When Jesus was born, an angel announced his birth to shepherds in the field. If Jesus were born today, to whom would the angel announce his birth and what would the angel say?
“I think the angel would tell Mrs. Higgy,” says Jordon, 9. “She is the children’s choir and song director. She is also the costume person for all the plays. I think the angel would say: ‘Mrs. Higgy tell all your friends and your husband that the King of the Jews, Jesus Christ is born.'”
If Jordon were calling the shots, Mrs. Higgy directing the choir would replace the shepherds in the field. Of course, the angel would probably have to sing his message to Mrs. Higgy.
“The angel would announce his birth to common people,” says Samuel, 10. “I think the angel would say the same thing except he would say, ‘You will find him in an abandoned building and lying in a cot.'”
Samuel has the right idea. Jesus was born in a humble place. At his birth, angels in heaven said, “Glory to God in the highest, and on Earth peace, goodwill toward men.” But that was the perspective from heaven. On earth, no one blew trumpets to announce Jesus’ birth to world leaders in important places.
Today, Maria, 12, says, “The angel might appear before homeless people because they are not rich, important people. The angel might say Jesus had been born in a shack, a tent or an apartment.”
God often works behind the scenes in humble circumstances to accomplish his purpose. Most people like to hang around the rich, but God loves to reveal his most precious spiritual gems to Earth’s poor. Quietly, the King of kings invaded Earth in the body of a baby.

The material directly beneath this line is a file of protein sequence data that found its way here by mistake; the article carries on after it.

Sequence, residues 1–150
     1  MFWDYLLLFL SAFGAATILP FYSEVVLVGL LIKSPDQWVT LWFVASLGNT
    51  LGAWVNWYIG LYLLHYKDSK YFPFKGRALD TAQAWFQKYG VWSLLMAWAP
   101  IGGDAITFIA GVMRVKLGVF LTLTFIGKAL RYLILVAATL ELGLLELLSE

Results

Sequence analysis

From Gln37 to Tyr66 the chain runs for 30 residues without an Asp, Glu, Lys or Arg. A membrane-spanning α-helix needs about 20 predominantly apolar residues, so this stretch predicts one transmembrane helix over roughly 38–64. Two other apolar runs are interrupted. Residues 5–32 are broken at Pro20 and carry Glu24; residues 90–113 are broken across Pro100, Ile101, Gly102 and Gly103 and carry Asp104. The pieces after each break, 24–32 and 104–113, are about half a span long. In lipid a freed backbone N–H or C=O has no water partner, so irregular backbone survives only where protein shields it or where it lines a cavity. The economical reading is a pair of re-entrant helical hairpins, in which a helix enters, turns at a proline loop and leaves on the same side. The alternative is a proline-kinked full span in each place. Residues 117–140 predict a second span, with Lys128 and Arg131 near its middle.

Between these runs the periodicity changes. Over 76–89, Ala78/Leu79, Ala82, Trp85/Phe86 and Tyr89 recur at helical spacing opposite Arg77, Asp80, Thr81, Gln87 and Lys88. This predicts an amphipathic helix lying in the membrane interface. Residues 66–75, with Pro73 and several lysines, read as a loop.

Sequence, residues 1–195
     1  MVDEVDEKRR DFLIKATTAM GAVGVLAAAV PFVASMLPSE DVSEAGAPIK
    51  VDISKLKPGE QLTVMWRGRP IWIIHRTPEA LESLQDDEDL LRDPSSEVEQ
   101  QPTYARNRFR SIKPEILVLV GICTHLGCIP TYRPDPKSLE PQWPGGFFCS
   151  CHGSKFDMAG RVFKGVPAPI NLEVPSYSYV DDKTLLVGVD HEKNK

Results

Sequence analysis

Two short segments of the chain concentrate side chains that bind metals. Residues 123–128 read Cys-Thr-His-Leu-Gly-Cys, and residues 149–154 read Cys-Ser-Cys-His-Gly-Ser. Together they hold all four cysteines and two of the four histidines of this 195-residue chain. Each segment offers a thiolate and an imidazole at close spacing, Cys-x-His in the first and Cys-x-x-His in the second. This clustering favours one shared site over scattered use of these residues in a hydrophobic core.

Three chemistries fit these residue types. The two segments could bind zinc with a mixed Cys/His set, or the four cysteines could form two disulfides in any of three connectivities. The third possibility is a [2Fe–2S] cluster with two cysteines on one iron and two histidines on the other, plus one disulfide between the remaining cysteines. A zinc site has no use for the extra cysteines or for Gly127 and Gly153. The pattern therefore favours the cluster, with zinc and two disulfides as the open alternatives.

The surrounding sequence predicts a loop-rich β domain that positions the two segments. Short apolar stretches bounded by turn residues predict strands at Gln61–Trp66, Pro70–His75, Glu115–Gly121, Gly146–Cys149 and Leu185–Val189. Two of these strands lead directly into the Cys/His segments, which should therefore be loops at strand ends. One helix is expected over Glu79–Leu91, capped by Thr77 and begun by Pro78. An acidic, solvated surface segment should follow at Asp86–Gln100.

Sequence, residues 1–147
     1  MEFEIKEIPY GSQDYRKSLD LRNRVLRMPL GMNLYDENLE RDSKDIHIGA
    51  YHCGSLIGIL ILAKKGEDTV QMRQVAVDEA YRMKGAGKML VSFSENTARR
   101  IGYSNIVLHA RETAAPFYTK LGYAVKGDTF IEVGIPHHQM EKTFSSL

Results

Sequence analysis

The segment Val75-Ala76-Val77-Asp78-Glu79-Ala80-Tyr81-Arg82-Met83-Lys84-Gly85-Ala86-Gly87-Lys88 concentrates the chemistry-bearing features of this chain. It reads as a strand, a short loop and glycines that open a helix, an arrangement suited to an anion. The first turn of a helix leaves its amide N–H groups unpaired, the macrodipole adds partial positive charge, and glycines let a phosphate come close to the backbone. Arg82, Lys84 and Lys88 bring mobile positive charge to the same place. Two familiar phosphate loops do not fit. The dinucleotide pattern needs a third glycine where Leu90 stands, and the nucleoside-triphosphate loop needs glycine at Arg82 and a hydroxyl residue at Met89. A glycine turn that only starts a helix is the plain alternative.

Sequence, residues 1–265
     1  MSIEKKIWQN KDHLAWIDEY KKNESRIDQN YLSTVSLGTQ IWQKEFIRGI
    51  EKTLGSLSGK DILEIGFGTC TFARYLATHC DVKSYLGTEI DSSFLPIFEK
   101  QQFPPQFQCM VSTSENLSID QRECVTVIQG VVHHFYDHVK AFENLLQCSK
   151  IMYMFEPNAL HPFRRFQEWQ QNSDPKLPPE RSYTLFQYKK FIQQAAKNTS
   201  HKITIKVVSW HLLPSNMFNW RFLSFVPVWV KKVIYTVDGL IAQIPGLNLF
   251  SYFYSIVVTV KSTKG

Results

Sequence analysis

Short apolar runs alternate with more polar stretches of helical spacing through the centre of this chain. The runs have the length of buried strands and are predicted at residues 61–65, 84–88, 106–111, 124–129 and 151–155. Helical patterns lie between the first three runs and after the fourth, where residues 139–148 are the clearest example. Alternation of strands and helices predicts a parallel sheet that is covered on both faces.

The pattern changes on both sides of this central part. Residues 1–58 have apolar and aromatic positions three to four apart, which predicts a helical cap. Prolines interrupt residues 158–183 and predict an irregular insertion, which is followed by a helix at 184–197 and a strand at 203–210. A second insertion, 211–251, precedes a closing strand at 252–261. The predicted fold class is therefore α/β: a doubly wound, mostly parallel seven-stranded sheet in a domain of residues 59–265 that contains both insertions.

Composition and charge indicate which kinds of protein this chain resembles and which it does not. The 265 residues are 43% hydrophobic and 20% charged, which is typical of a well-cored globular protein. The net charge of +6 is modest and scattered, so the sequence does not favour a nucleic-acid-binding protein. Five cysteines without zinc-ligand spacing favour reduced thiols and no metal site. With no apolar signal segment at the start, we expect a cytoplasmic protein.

If Jesus were born today, Carson, 6, says, “The angels would go door-to-door and tell each family: ‘Don’t be afraid. Come and see!'”
“Come and see” is exactly what the shepherds did, Carson, after receiving the angel’s message: “There is born to you this day in the city of David a Savior, who is Christ the Lord.”
The angel’s words to the shepherds contained three titles that sum up who Jesus is and what he does for us: Savior, Christ and Lord. Some might think that “Christ” is the last name of Jesus. But it’s a title meaning “anointed one” or “Messiah.” The word “Lord” refers to Jesus’ deity, and “Savior” refers to what he did for us when he died in our place on the cross.
Why shepherds in a field? The Bible gives no explanation; however, God usually reveals things to those who hunger to know him.
But that’s not the greatest mystery. The birth of Jesus is the greatest mystery. God is infinite. How did the infinite enter something finite?
The apostle Paul wrote that Jesus “emptied himself” to take on the form of a servant (Philippians 2:5-8). His divine essence remained intact, but Jesus’ glory was veiled when he entered the world as a baby. Except for one brief unveiling of this glory to three disciples, Jesus wore that veil all the way to an ignoble cross.
How could someone so great hide his glory? The apostle Paul said Christ’s mind was the essence of humility. But there’s a difference between humility and humiliation.
“Humility is something that comes from within you voluntarily,” says writer Stephen Kaung. “Humiliation is something put upon you from the outside. If you are humble, you are beyond humiliation.”
Jesus’ birth is more than something we should celebrate once a year, writes Kaung. “His birth is something we need to meditate on every day.”
The Kids Talk About God website contains free, online content for children and families. See the Kid TV Interviews. Print free lessons from the “Kids Color Me Bible” and make your own book. Let a 12-year-old boy take you on a missionary safari through the Mission Explorers Kenya for Kids documentary with curriculum. Print Scripture verses illustrated by child artists. Receive a complimentary, weekly e-mail subscription to our Devotional Bible Lessons.
Bible quotations are from the New King James Version, unless otherwise noted.
COPYRIGHT 2007 CAREY KINSOLVING
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